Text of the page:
Even if your systems are already running in the cloud, you still have various ways to reduce costs. Microsoft is continually expanding these possibilities, regarding both actual costs and cost management. Direct cost optimization focuses mainly on the well-known possibility of a “reserved instance,” available nowadays not only for virtual machines but for various storage types as well. Another option, often neglected, is activation of a “hybrid benefit” – “recycling” existing Windows or SQL and, more recently, Linux licenses. Of course, you have to make sure that the existing licenses are eligible for use in the cloud; in the case of Windows and SQL, active Software Assurance is required, for example.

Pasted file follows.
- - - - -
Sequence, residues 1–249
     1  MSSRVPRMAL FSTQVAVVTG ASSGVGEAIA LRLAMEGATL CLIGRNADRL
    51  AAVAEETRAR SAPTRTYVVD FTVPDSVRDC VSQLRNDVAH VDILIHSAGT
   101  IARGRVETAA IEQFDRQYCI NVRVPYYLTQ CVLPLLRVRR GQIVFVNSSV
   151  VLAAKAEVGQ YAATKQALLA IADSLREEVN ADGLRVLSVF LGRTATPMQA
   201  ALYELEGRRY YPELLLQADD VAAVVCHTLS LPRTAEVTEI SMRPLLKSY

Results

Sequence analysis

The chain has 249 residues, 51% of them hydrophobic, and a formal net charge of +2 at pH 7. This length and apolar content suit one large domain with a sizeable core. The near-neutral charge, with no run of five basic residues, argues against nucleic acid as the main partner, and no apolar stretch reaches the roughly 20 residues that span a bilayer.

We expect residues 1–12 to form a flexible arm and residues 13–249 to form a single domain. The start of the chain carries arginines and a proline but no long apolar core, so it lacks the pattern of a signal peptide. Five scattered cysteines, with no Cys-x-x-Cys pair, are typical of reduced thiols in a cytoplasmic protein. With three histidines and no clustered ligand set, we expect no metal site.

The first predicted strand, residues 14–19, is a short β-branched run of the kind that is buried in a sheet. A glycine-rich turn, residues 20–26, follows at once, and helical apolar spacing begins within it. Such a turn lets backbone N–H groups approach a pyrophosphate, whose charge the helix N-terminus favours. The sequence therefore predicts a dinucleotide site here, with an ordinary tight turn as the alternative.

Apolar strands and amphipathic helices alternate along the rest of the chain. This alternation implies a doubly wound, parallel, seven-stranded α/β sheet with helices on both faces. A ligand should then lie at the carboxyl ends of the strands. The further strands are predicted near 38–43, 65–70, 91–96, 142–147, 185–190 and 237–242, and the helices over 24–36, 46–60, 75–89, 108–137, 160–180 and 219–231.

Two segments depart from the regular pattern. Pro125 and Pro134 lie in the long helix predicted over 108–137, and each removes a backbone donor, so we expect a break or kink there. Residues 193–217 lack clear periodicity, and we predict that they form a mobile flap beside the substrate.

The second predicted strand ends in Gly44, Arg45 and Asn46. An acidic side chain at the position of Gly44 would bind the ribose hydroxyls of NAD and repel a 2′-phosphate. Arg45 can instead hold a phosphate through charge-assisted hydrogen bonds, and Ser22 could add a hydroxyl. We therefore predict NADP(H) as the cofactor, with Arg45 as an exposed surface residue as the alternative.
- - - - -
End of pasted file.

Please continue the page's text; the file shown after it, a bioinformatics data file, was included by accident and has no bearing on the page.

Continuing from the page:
In addition, some forms of assistance are being continually expanded in support of cost control, or cost management. Deserving mention is “Azure Advisor,” which not only identifies technological opportunities as well as risks, but also addresses commercial issues. This includes not only assessing whether a reserved instance would be a worthwhile option, but also analyzing utilization or traffic. Recommendations are added for improving the workload technologically and/or commercially. Furthermore, the new service, Azure Cost Management, has proven its merit as a central dashboard not only offering precise analyses of costs with various filters, but also assigning budget periods to various levels, such as subscriptions.